Topi Lehtipuu in Third Practice. Photo: Kai Kuusisto (detail) View full image

Out of the comfort zone

Tenor Topi Lehtipuu appears in the digital premiere of Third Practice with the Tero Saarinen Company on Friday 19 March. The work is an imagining of Monteverdi madrigals that brings together opera, design and dance. Here he describes the thrills and challenges of dancing – including not fainting

What can audiences expect from Third Practice?

It’s a Gesamtkunstwerk – a dance theatre work. The text is about love and loss of love – how ephemeral it is. We have tried to find different expressions of this ephemerality, including visually. The designers found some very thin silk, which is super light but dense enough that you can project video images on to it, so those images disappear when you take it away – that’s a very important element.

We have a female avatar singer, who has been recorded and appears both as a voice and as an image projected on to the veil. There’s one part where I grab her and she disappears, and sometimes I wrap myself in the veil on which she’s projected. The lighting effects are very beautiful and tell another line of the story.

From the beginning, we thought there had to be some counterpoint to the power of Monteverdi’s music, something that was ugly and unmusical. In rehearsals we developed sections to contrast with the beauty of the madrigals, with Helsinki Baroque Orchestra improvising on their Baroque instruments, which leads to some fantastic moments.

There is always a narrative but not a specific one – the language is symbolic, and everyone can create their own sense of narrative from the dramaturgy. This creates a wonderful experience and there are some staggeringly beautiful moments between the two main dancers, although it is very dark.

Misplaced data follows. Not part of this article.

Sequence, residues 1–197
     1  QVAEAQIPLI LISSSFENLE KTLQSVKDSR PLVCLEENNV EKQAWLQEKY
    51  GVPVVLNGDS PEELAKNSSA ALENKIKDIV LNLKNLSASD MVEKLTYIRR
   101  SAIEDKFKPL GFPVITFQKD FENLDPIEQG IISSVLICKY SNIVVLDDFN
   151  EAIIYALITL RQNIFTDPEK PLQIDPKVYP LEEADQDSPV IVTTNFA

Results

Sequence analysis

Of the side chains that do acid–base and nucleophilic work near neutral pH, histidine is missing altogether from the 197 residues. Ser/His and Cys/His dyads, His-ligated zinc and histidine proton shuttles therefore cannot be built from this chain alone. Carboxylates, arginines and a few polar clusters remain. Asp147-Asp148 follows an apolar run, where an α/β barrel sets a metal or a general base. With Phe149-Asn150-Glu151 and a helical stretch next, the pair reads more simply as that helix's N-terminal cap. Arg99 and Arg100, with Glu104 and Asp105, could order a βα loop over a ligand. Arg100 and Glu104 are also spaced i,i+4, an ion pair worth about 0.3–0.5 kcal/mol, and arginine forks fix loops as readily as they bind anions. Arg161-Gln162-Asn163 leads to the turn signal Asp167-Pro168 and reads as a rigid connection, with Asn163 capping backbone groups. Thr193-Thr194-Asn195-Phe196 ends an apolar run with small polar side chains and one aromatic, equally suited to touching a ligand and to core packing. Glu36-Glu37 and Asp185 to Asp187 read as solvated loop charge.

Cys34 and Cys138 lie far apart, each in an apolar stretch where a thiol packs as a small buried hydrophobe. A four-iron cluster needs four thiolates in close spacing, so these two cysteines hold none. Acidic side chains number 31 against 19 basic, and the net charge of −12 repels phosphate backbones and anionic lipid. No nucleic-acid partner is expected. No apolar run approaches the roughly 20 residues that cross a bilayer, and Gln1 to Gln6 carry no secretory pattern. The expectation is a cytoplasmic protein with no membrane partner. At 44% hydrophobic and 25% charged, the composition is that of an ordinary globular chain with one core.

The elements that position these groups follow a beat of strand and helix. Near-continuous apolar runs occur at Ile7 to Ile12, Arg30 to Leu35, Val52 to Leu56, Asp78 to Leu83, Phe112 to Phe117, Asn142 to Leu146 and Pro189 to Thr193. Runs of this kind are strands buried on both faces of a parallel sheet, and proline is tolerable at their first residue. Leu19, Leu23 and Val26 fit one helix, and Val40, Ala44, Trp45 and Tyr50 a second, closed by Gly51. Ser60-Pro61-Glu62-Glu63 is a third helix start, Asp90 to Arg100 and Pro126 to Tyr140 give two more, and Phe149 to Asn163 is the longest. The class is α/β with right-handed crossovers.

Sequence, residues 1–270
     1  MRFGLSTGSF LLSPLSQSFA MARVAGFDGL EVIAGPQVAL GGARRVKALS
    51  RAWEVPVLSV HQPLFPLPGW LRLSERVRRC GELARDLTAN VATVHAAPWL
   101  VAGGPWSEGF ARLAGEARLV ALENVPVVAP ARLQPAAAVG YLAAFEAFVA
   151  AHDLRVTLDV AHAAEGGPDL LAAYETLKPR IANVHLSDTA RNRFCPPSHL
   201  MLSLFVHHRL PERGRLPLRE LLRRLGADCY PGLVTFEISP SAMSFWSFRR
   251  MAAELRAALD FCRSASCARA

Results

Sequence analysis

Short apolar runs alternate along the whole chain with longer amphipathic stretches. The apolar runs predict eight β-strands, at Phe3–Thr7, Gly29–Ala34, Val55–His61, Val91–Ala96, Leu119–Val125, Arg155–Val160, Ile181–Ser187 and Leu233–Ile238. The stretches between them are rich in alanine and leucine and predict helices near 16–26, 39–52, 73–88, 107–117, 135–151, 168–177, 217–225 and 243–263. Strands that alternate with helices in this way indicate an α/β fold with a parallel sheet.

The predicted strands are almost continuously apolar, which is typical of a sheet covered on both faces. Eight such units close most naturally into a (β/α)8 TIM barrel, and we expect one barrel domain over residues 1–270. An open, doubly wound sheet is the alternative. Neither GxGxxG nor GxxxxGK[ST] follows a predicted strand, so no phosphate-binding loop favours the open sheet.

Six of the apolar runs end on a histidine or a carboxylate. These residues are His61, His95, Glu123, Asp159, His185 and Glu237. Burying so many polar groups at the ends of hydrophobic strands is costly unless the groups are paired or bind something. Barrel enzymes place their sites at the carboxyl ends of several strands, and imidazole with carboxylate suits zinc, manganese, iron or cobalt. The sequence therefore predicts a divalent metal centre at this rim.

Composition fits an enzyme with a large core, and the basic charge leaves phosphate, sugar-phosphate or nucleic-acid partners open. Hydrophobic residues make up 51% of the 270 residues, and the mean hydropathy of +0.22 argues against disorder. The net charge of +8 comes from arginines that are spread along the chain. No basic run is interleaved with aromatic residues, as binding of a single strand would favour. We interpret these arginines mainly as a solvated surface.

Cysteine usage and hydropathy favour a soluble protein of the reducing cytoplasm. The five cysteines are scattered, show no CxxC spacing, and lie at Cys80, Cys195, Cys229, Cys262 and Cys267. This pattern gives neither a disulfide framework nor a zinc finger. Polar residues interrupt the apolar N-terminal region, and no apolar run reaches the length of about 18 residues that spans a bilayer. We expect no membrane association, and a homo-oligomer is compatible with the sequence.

How do you approach dancing in the production?

The choreography itself is fixed – where we meet, how we meet, our expressions, how we lean into each other and slip away. Our routes across the stage are very precisely thought out, but within that framework there is a lot of freedom.

Tero has never given me any instruction about what to do and I try to find my own way. There are six dancers. My hero is one lady who has very long arms and legs, so I watch her in rehearsals and put those movements into my body. Interacting with the dancers is wonderful. They’re always in a good mood and work incredibly hard.

I improvise every performance so it’s never the same, although there are certain things I tend to repeat. As a non-dancer, I give myself three principles for developing my own movements, in order to become a dancer. These are to be asymmetric; to feel how my skin is curious and wants to see and feel the air around it; and to be in the constant motion. These instructions allow me to sing easily, because everything remains smooth.

How does dancing affect your singing?

Singing is no different when you are dancing – the diaphragm can work in any position. The problem is when your heart is going 180 bpm – for example in a performance of Rameau’s Les Paladins years ago, where there was breakdancing. It becomes hard to sing long slow lines and you get to the point of almost fainting, so you have to breathe before that happens! I have two or three moments like that in every Third Practice performance – that’s the challenge. I have learnt that when there is a place to breathe you don’t just breathe once but three times. Exhaling like that purifies the carbon dioxide from your blood.

What advice do you give artists who are considering multidisciplinary work?

‘Multidisciplinary’ can either mean ‘interdisciplinary’ or ‘transdisciplinary’. The former is about bringing together different factors, but they remain their own disciplines. The latter makes them mix and become a unity where you can’t tell what’s what. It’s important to understand those different essences.

Artists should open their minds to all the disciplines in surprising places, in order to achieve their dramaturgical or narrative goal. By that I mean can the singer dance, or the dancer speak, or the actor play an instrument? It’s important for everyone to look at the possibilities beyond their comfort zones. Directors can try the exercise of working out how they can say the same thing using different disciplines or create a dramaturgical flow that goes from one discipline to another while still keeping the core.

The digital premiere of Third Practice is on Friday, 19 March 19, 2021, and it will be available until 6 April.

Third Practice trailer

The making of Third Practice